Gas Prices Fall For 50 Straight Days, Approach $4 Per Gallon: Which States Have The Cheapest Gas?

Zinger Key Points
  • Some of the states with the lease expensive gas include Wisconsin, Florida, Texas and Georgia.
  • OPEC+, the group of the world’s leading oil producers, is set to boost production by 100,000 barrels per day.
Gas Prices Fall For 50 Straight Days, Approach $4 Per Gallon: Which States Have The Cheapest Gas?

Some believe the psychological level in gas price, for now, is $3.99 per gallon — and it seems that’s where it could be headed.

According to GasBuddy statistics, the nation's average gas price has decreased for the seventh consecutive week, down 15.9 cents from a week ago to $4.16 per gallon today.

“We continue to see average gas prices falling in every state,” said Patrick De Haan, head of petroleum analysis at GasBuddy. “Even better, nearly 20 states have also seen their average decline to $3.99 or less, with over 70,000 stations now at that level or below.” De Haan noted.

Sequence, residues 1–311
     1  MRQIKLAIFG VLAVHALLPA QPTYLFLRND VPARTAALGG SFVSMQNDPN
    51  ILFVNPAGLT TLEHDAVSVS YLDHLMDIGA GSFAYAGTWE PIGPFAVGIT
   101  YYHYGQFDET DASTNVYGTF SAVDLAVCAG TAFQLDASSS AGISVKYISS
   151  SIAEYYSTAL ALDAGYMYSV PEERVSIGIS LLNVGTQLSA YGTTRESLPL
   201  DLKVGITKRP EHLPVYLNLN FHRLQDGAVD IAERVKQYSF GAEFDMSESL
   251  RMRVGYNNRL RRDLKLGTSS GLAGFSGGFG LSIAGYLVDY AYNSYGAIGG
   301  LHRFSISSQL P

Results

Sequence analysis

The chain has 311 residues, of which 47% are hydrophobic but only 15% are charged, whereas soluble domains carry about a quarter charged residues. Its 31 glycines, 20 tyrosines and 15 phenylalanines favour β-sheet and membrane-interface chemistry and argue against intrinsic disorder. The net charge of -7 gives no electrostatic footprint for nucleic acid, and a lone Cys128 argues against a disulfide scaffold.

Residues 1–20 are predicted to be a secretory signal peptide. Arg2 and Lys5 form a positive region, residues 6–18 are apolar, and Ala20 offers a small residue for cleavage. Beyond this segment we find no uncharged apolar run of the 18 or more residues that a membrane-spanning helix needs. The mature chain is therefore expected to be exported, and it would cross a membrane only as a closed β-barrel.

Some of the states with the least expensive gas include Wisconsin, Florida, Texas and Georgia.

“For now, Americans are seeing prices nearly 90 cents lower than their mid-June peak and are spending close to $330 million less on gasoline every day as a result,” the analyst wrote.

Global demand for oil has fallen in recent weeks as economic growth has slowed in major parts of the world including the U.S. and China, which is priced into current gas prices, noted Tom Kloza, global head of energy analysis for OPIS.

OPEC+, the group of the world’s leading oil producers, is set to boost production by 100,000 barrels per day, providing the market with additional supply at a far slower rate than in previous months.

Related: Is OPEC's Tiny Increase In Oil Output An Insult Toward Biden? What You Need To Know

It should be noted that the world consumes more than 88 million barrels of oil per day. That means 100,000 barrels a day would make up only 0.1% of the world's oil demand.

Brent Crude, the world’s oil benchmark, fell from recent highs of $110.57 at the end of July to $98.18 at the time of writing.

“If nothing goes wrong, we could see prices in October, November, December falling noticeably under $4 a gallon for the national average,” De Haan said.

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